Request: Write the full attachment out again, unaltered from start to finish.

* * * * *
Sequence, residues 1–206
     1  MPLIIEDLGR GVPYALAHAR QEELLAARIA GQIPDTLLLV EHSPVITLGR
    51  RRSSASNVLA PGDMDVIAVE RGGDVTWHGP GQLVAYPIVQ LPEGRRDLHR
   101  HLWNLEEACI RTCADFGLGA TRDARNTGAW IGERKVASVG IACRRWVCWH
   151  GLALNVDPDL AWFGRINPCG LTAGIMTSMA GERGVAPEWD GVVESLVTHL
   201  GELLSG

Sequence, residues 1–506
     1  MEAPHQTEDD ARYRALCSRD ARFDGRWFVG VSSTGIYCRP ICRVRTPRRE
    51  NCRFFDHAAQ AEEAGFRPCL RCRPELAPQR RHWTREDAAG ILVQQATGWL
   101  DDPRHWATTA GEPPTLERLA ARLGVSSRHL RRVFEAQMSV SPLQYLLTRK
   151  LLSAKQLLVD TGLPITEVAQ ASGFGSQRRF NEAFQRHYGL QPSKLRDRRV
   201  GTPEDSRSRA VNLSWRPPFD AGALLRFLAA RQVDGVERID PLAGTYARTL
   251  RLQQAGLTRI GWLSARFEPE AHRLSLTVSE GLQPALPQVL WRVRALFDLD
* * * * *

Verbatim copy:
Sequence, residues 1–206
     1  MPLIIEDLGR GVPYALAHAR QEELLAARIA GQIPDTLLLV EHSPVITLGR
    51  RRSSASNVLA PGDMDVIAVE RGGDVTWHGP GQLVAYPIVQ LPEGRRDLHR
   101  HLWNLEEACI RTCADFGLGA TRDARNTGAW IGERKVASVG IACRRWVCWH
   151  GLALNVDPDL AWFGRINPCG LTAGIMTSMA GERGVAPEWD GVVESLVTHL
   201  GELLSG

Sequence, residues 1–506
     1  MEAPHQTEDD ARYRALCSRD ARFDGRWFVG VSSTGIYCRP ICRVRTPRRE
    51  NCRFFDHAAQ AEEAGFRPCL RCRPELAPQR RHWTREDAAG ILVQQATGWL
   101  DDPRHWATTA GEPPTLERLA ARLGVSSRHL RRVFEAQMSV SPLQYLLTRK
   151  LLSAKQLLVD TGLPITEVAQ ASGFGSQRRF NEAFQRHYGL QPSKLRDRRV
   201  GTPEDSRSRA VNLSWRPPFD AGALLRFLAA RQVDGVERID PLAGTYARTL
   251  RLQQAGLTRI GWLSARFEPE AHRLSLTVSE GLQPALPQVL WRVRALFDLD